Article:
Ekev–Molten calf redux

Moreover, the Lord was angry enough with Aaron to have destroyed him; so I also interceded for Aaron at that time. (Deuteronomy 9:20)

The story of the molten calf is retold here in Deuteronomy 9, with some interesting differences. For one thing, we learn here of God’s anger specifically directed at Aaron, so that Moses has to intercede for him as well.

Ancient interpreters have long sought to shield Aaron from blame in this episode, so it intrigued me to see Jeffrey Tigay (in the JPS Torah commentary) take a similar line using the tools of modern scholarship: “Aaron’s intentions in making the calf were probably not idolatrous since he, at least, intended it only as the Lord’s pedestal.”  This is in keeping with what we know of ancient Near Eastern iconography, where a god in human form is represented at standing on a bull. It also means that the calf, on this understanding, is quite similar to the cherubim, the winged beasts that served as the throne of God on the ark of the covenant.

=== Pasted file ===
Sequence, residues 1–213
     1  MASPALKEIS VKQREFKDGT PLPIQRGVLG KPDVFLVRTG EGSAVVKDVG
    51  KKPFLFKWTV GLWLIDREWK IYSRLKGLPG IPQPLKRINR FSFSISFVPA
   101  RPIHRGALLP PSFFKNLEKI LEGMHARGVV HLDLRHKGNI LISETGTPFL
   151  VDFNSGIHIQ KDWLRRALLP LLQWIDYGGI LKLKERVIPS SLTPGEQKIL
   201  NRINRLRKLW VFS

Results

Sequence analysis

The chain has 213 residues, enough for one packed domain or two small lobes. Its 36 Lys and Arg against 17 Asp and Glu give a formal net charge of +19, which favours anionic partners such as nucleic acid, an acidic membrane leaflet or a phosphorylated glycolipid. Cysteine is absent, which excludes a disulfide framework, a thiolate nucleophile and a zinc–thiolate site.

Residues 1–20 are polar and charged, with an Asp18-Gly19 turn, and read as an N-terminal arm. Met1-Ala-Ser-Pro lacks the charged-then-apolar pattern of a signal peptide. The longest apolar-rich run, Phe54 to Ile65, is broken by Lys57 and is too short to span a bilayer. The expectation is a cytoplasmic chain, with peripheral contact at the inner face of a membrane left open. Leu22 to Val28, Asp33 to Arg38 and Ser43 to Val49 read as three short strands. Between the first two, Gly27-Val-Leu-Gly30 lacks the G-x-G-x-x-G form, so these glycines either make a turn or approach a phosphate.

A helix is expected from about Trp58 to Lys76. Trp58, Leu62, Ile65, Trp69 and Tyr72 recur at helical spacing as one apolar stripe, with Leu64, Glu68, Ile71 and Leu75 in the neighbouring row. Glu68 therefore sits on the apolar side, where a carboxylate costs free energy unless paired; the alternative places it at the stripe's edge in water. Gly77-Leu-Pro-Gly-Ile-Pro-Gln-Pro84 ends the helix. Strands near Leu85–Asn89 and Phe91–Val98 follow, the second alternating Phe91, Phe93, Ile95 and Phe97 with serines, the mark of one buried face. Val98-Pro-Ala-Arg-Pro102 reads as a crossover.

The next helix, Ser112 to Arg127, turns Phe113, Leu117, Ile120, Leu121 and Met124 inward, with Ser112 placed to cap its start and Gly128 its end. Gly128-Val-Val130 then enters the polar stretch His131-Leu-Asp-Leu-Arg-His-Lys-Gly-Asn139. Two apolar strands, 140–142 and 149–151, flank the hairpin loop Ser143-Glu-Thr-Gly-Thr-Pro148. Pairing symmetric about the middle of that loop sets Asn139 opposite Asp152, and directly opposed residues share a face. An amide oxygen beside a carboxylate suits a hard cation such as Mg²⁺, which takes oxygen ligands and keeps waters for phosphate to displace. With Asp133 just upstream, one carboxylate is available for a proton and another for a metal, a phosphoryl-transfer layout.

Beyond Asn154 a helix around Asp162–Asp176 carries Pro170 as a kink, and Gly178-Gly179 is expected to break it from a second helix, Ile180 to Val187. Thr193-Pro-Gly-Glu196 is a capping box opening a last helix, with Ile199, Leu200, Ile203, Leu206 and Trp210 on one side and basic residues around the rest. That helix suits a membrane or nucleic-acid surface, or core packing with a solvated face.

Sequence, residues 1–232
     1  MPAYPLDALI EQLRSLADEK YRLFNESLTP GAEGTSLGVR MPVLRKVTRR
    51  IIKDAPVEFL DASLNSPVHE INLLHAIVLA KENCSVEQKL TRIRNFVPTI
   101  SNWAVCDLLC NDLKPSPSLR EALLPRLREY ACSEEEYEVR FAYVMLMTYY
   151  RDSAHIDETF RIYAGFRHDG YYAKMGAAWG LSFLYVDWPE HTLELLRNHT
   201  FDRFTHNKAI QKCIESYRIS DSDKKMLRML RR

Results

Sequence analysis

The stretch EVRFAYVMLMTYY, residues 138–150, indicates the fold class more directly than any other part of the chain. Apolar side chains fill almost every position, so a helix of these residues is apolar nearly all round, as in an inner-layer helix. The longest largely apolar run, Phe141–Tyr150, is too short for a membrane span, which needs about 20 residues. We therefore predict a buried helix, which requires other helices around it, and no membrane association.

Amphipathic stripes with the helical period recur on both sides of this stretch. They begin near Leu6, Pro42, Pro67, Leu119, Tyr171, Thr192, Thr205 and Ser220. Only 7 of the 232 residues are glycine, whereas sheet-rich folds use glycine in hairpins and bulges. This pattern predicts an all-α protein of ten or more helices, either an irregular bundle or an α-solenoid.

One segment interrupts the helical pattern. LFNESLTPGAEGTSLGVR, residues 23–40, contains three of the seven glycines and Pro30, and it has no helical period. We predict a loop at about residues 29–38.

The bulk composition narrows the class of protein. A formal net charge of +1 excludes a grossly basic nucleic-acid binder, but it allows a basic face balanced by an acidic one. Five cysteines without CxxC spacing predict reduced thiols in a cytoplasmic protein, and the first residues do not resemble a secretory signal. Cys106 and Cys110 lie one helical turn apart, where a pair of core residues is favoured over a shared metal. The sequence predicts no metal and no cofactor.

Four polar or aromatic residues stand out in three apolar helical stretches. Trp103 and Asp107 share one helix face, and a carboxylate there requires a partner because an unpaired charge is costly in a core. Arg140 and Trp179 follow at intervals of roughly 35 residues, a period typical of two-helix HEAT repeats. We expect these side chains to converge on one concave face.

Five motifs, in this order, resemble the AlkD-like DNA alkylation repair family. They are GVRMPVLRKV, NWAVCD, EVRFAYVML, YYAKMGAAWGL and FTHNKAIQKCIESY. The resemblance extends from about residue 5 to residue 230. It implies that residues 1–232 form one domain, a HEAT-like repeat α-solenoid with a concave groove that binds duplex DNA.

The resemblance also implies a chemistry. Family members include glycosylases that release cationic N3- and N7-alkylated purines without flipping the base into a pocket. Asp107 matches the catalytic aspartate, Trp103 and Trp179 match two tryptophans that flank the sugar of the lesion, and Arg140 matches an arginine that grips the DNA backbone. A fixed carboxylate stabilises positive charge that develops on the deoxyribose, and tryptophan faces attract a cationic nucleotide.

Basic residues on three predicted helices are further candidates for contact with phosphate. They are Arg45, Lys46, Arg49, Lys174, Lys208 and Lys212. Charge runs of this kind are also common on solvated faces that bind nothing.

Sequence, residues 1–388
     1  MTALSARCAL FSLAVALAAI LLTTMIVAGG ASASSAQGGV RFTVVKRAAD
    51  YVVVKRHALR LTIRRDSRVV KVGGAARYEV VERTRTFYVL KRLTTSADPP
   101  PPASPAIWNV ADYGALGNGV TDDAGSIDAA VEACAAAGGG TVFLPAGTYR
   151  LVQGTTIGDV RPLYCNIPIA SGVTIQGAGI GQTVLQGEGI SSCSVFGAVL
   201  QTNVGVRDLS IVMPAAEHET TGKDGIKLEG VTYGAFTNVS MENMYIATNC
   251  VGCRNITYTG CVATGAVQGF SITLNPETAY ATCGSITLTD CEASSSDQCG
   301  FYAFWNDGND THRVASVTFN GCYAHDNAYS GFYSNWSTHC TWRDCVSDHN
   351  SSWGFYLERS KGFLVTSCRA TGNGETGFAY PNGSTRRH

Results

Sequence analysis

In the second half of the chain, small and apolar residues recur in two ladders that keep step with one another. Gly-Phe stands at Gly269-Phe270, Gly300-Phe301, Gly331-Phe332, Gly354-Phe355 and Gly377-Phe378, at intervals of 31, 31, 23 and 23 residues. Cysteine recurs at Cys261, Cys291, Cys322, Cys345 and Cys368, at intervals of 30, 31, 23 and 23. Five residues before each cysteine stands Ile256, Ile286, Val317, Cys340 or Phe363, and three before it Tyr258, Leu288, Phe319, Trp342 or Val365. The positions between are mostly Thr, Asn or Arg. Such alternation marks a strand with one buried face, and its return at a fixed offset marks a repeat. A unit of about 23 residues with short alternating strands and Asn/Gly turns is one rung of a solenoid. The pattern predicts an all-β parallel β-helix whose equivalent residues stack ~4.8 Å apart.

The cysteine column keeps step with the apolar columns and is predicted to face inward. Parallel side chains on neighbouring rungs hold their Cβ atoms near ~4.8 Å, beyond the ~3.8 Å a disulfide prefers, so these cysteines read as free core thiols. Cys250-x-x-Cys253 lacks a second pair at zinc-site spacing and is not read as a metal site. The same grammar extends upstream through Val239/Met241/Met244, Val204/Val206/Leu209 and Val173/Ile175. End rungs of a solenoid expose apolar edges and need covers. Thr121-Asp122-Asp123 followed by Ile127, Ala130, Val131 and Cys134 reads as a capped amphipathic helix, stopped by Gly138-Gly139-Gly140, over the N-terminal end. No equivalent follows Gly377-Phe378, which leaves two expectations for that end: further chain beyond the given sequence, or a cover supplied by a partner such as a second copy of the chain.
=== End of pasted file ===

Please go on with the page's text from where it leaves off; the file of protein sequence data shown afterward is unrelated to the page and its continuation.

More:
This raises some interesting questions, more questions than I have time to answer tonight.  Is one person’s pedestal another person’s idol? Or perhaps, what was once a pedestal becomes an idol as the form becomes fixed and inflexible over time. In this regard, it is significant that the Torah refers, not to a golden, but to a molten calf.

We don’t have lots of statuary, but we do have lots of words.  We should remember that even our truest thoughts about God, our most hard-won conceptions, are at best a pedestal, a warm-up act, a kind of straight man to the wordless zingers of the One.  As a penultimate exercise, theology, philosophy, spiritual reading, the great mystic texts . . .  these all have great value, but when we set them up as the Ultimate, we fall into idolatry.

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